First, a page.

Watching Instantly

By Vijay Kumar

July 5, 2010

Is there some reason we are in black and white?

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Browsing through NetFlix’s online streaming collection is not unlike those late Friday nights spent browsing through the movie maze in your local video store. The search for that perfect movie is often tricky. Sometimes you have to deal with a fuming partner and/or a melting tub of ice-cream in the car. The pressure is compounded by a listless, unhelpful store clerk in some cases. This column aims to be that clerk for NetFlix Instant Watch – maybe just a little less listless and little more helpful. This is what I waded through recently – at NetFlix.

Went Looking For…

Believe it or not, I sometimes do have a predetermined playlist while browsing for movie titles. Generally, there is a week between my adding them to the playlist and actually watching them. The movies under “Went Looking For…” are typically the movies that I had slotted as “Ended up with…” the previous week.

I picked quite a few lemons this week, saved only by a French movie that I did not give much credit to begin with.


The Closet

The first few scenes in this French movie (with English subtitles) establish that M. Pignon (Daniel Auteuil) is a loser of the highest order. There is really no hidden charm that one can come to expect of such characterizations. He is pushed out of a company photograph as a precursor to getting pushed out of the company itself. The simple reason is that he is too bland and won’t be missed. A stray cat leads to an introduction to a resourceful neighbor and things start turning around for Pignon. He fakes his sexual preference, which arouses the interest of just about everyone in his circle. He continues to be the dullard that he is throughout all this change channeled towards him. Even when he wears a condom cap in a gay pride parade he looks remarkably dull. However, this captures the attention of even his estranged teenage son.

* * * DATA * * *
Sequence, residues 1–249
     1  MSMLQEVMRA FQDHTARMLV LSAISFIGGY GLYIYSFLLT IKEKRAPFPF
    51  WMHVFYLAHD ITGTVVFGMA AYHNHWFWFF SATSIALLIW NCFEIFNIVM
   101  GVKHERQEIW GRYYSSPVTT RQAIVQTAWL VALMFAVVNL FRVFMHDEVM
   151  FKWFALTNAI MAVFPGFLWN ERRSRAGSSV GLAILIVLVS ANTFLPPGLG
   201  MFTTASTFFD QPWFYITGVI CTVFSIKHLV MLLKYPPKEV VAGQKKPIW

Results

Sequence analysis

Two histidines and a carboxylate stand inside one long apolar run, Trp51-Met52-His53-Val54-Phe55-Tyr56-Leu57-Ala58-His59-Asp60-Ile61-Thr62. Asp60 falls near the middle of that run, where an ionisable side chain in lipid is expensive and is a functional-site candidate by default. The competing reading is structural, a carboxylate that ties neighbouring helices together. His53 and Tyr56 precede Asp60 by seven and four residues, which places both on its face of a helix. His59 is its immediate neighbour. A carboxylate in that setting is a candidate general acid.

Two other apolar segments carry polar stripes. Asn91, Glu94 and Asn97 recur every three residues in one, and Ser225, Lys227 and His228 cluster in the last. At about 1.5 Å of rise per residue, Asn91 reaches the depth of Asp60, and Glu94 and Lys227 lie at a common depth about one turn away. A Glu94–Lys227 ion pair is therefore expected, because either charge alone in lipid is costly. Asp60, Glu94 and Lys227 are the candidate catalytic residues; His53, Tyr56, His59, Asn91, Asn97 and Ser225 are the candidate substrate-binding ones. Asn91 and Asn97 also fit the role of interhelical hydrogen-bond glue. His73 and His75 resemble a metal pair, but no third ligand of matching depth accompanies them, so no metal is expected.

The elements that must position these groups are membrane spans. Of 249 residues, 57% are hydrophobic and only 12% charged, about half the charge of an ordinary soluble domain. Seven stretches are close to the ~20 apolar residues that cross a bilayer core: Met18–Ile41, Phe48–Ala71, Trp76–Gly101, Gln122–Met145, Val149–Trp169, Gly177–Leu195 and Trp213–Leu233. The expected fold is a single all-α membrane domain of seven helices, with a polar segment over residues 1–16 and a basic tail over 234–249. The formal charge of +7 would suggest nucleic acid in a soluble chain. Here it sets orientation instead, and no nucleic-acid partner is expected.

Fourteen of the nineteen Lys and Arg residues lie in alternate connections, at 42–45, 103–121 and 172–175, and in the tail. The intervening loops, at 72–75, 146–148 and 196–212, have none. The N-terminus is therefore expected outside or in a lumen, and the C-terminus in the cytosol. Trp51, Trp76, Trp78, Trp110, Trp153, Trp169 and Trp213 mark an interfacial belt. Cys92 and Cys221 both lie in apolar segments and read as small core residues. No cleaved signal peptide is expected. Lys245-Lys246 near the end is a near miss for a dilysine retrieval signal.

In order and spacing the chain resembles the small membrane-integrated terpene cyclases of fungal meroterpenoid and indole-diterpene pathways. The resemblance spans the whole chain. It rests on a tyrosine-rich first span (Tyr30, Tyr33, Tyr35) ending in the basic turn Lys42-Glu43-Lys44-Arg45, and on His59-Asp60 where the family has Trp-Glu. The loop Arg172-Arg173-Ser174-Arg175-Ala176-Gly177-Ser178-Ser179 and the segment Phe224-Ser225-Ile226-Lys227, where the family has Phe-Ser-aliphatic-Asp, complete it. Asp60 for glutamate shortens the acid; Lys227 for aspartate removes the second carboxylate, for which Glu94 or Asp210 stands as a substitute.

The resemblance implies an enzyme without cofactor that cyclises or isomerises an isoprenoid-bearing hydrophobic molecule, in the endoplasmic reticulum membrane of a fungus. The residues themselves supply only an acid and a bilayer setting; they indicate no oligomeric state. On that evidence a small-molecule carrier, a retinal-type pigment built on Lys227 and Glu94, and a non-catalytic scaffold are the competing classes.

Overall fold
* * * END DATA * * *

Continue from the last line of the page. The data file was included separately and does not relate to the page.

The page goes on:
Other people are forced to reinvent themselves based on Poignon’s deviation. Some take the easy route of continuing to be irritated with Pignon. The perennially indignant co-worker is borderline comical. Others react differently. A Marseilles-born bigot, played by the omnipresent (as far as French films go) Gerard Depardieu, changes from being a content, thickheaded bully to a confused wooer of sorts of Pignon. In another development, curiosity gets the better of Pignon’s prim and proper boss. She tries to seduce him in the off-hand chance that his gayness is a straight lie. Just when I expected a character to play out to a stereotype, they turn around doing something funny and against type, leading to a delightful movie watching experience.


Director Nolan has a taste for the macabre. This makes him a perfect fit for Batman. He seems to have honed his skills in developing the quirky and weird characters of Gotham city in movies such as this. There is not a single positive character in this movie, which is rightly rendered in black and white. The main protagonist is a serial stalker. He is not the vicious kind, but a rather harmless writer of sorts who is addicted to stalking people. One of his subjects turns out to be a person with an equally spooky vocation. The "harmless" aspect is thrown out of the window when the two deviants join hands. A game of cat and mouse ensues with a body count triggered along the way. The stalker soon gets more than he bargained for. The movie traces his awakening to his partner’s crimes.

The pace slows down considerably towards the end, but the non-linear narrative maintains some intrigue. Like I said, this is a movie where Nolan hones his skills rather than displays them fully.

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